In our second nutrition advice article Professor Nathan Clumeck says taking care of your health improves your immunity and vice versa.
Nutrition advice: Health and immunity
Professor Nathan Clumeck, Professor Emeritus of Infectious Diseases at ULB, takes the time to explain to us in detail what we need to know about viruses and immunity. “The idea of boosting immunity is appealing, but the possibility of actually achieving that is difficult”, he remarks. “Nevertheless, multiple studies have been able to demonstrate a correlation between a healthy lifestyle and optimal immunity. This results in a significant decrease in infectious events, inflammatory diseases or cancer”.
Such a lifestyle consists of having a healthy diet, not consuming tobacco and drinking alcohol in moderation, participating in regular physical activity, maintaining an ideal body weight and getting enough sleep.
To these recommendations we can add simple actions such as washing your hands and vaccinating, actions that prepare the immune system against a series of particularly virulent and potentially fatal pathogens. Professor Clumeck concludes: “There are no cures or miracle substitutes to maintaining or strengthening the immune system. This system ultimately depends on a healthy lifestyle”.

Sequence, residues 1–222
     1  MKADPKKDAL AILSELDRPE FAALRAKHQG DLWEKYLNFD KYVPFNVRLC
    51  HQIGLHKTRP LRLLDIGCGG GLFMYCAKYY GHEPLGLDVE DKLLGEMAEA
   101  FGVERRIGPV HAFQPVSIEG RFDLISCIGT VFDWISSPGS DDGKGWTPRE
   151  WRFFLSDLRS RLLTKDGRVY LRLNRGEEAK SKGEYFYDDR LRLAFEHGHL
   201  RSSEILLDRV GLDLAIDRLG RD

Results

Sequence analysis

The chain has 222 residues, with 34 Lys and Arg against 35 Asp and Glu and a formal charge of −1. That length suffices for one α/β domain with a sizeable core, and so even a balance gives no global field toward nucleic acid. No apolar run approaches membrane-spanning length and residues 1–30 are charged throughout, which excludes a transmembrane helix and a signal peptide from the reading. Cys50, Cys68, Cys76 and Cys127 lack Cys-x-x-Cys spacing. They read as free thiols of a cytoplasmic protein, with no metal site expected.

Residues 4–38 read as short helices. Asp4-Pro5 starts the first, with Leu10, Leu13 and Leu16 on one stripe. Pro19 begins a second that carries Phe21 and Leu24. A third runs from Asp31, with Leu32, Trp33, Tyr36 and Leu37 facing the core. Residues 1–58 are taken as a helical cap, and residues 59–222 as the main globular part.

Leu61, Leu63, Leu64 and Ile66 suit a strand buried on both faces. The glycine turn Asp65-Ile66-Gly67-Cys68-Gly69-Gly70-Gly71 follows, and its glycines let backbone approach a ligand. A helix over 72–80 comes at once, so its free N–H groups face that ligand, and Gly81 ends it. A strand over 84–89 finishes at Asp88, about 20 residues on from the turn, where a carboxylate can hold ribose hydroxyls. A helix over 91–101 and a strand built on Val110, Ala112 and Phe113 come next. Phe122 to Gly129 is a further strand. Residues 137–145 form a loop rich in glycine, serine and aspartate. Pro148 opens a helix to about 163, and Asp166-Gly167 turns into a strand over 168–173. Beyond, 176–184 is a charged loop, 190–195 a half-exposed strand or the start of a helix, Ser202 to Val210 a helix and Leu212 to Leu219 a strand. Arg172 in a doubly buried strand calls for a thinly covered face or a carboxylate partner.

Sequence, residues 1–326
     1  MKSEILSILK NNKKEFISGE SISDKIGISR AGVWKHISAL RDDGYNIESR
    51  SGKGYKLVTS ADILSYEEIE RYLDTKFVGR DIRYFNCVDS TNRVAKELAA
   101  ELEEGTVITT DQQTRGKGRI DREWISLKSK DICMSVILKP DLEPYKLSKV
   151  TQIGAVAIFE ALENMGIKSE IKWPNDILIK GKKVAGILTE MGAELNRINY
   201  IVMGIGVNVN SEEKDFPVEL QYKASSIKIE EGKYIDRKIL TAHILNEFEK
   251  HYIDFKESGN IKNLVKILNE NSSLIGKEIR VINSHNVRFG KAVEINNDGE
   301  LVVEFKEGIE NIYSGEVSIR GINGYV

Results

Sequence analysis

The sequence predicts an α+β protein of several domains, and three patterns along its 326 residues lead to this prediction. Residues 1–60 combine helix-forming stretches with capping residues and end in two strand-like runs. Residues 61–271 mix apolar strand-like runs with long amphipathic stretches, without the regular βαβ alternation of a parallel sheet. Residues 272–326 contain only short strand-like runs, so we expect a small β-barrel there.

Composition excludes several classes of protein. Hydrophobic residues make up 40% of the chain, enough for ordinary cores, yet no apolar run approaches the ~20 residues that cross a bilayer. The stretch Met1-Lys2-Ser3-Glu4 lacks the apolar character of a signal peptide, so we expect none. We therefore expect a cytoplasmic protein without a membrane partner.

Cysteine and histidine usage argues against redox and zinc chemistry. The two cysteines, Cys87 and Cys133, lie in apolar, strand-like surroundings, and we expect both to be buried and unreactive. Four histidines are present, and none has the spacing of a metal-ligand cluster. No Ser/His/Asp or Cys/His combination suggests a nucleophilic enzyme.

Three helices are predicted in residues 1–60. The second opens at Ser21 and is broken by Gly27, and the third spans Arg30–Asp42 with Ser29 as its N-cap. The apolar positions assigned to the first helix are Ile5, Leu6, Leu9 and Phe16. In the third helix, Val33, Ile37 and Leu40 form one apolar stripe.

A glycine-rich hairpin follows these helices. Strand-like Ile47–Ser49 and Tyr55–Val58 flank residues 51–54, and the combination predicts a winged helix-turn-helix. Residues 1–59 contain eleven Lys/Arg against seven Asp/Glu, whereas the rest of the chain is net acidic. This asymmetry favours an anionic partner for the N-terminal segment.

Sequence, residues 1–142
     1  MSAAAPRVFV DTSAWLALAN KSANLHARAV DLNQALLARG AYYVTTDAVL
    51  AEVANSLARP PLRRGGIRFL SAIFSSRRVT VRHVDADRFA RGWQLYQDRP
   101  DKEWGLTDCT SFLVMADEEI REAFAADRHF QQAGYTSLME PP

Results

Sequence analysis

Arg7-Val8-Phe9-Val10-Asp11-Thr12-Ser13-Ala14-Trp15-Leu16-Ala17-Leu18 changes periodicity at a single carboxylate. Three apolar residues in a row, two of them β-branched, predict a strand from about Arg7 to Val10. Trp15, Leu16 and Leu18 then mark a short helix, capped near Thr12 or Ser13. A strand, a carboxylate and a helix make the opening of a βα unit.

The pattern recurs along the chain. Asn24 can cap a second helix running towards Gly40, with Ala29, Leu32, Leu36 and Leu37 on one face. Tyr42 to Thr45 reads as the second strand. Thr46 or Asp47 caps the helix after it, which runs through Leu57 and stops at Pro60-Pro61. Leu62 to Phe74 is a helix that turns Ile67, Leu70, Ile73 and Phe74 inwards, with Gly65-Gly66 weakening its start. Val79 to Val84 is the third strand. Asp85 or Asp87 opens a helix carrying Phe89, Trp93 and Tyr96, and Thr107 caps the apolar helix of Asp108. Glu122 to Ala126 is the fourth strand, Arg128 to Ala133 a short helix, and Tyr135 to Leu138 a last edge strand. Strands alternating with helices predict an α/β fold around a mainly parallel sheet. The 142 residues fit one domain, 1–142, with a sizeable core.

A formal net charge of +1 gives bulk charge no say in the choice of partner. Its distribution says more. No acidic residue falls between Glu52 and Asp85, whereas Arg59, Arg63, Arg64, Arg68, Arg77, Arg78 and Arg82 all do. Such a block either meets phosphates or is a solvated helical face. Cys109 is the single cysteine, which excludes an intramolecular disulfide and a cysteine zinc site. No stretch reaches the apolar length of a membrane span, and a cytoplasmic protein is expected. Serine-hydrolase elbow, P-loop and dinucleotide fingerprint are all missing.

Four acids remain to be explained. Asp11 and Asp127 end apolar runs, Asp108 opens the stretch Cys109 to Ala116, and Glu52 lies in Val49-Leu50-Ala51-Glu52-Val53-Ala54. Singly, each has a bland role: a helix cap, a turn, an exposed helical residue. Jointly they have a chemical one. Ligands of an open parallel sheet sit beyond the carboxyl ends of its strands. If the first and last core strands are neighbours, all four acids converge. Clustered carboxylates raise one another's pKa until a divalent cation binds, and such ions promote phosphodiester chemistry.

The basics of a healthy and balanced diet
The Superior Health Council in Belgium (CSS) provides five recommendations adults should prioritize:
1) Eat at least 125g of whole grain food every day, favouring, for example, whole grain bread over white bread, whole grain pasta over white pasta, etc.
2) Eat 250g of fresh fruit (two pieces of fruit) per day and at least 300g of vegetables (raw or prepared). Vary your choices of fruits and vegetables and let yourself be guided by the seasonal and local offer.
3) Eat legumes every week. Replace meat with legumes at least once a week. As an added benefit, the cultivation and production of pulses has a low impact on the climate.
4) Eat 15 to 25g of nuts or seeds without salty or sweet coating every day; one handful is approximately 30g. It is important to choose products rich in omega-3 fatty acids (such as walnuts, hazelnuts, pistachios, almonds).
5) Choose products low in salt and avoid adding salt when preparing or having your meals. Aromatic herbs and unsalted spices are tasty alternatives!
In addition to the contents of your plate, the CSS also makes an unexpected recommendation: it encourages people to eat together as much as possible, so that meals become a pleasant experience shared with others.